MF Global, the world’s largest broker of exchange-traded derivatives, has announced that its Indian subsidiary has become the country’s first broker to secure permission from both the Bomb
MF Global, the world’s largest broker of exchange-traded derivatives, has announced that its Indian subsidiary has become the country’s first broker to secure permission from both the Bombay Stock Exchange and National Stock Exchange to conduct fully-developed direct market access into the Indian marketplace for all exchange-traded products.
In April, the country’s financial regulator, the Securities and Exchange Board of India, encouraged DMA access into India by allowing brokers to offer their institutional clients direct access to the exchange trading system through the brokers’ infrastructure.
‘Electronic trading and DMA are important businesses for MF Global, and being the first to market demonstrates our commitment to this important segment,’ says Vineet Bhatnagar, the firm’s managing director and chief executive in India. ‘We look to provide the most robust yet flexible DMA solutions to our derivatives and equities clients worldwide.’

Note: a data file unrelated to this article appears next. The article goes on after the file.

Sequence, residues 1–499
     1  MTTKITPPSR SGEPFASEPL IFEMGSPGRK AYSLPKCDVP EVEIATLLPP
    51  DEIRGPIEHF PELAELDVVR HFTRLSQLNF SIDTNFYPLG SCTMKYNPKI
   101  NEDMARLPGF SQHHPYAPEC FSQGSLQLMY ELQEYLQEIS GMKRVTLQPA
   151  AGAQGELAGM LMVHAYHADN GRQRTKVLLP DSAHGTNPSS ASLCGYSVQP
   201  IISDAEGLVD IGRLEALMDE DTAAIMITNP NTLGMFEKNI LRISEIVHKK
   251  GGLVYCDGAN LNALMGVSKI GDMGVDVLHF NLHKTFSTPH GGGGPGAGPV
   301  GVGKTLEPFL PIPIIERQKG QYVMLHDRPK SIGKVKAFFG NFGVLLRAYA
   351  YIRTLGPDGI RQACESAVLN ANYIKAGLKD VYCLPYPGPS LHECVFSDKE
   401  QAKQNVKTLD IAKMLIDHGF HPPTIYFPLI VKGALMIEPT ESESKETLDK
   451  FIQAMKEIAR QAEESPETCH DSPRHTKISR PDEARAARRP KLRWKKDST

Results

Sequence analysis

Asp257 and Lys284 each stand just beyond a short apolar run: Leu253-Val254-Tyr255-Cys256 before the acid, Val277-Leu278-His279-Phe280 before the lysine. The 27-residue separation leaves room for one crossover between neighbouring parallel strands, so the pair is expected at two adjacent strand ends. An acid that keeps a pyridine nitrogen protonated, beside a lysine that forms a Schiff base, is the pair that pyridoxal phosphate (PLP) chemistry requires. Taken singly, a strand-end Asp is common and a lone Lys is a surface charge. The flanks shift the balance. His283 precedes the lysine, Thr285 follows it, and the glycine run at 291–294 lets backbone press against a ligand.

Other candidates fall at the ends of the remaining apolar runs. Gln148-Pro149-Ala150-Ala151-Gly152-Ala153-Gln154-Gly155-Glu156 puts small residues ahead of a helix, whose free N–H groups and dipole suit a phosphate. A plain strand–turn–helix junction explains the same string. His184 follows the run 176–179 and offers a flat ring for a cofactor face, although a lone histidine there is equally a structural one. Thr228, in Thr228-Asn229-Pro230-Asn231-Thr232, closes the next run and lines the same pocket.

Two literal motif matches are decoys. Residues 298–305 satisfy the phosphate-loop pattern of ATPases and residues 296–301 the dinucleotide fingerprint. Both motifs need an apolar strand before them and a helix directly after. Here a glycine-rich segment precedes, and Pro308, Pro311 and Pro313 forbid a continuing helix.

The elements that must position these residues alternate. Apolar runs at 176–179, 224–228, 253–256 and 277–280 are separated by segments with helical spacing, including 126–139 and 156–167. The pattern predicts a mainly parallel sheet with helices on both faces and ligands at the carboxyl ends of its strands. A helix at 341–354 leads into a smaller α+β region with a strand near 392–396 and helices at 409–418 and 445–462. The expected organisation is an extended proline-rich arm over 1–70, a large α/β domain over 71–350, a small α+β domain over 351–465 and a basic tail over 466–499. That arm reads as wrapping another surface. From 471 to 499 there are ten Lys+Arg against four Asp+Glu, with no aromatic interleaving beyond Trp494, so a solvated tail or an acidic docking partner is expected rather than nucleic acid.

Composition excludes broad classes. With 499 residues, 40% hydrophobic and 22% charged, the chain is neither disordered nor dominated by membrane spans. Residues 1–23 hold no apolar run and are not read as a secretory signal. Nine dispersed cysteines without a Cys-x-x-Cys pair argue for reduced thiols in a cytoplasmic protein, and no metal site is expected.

Up to now, brokers’ institutional clients have not enjoyed access to the broker’s trading system, instead having to place orders with the broker to execute the trade. DMA allows clients anywhere in the world to access the trading platform without manual intervention.
According to the regulator, DMA benefits clients by offering direct control over orders, faster execution of trades, a reduced risk of errors stemming from manual order entries, greater transparency, increased liquidity, lower impact costs for large orders, better audit trails and better use of hedging and arbitrage opportunities through the use of trading decision support tools and algorithms.
In order to offer DMA to their clients, brokers must apply for permission from the stock exchanges they use, submitting details of the software and systems to be used for security certification. They remain responsible and liable for all orders routed through the system, and must authorise individual users at the client, including completing KYC checks.
Sebi, which has directed the country’s exchanges and brokerage firms to prepare model agreements for clients, says it will review the working of the system six months after its introduction.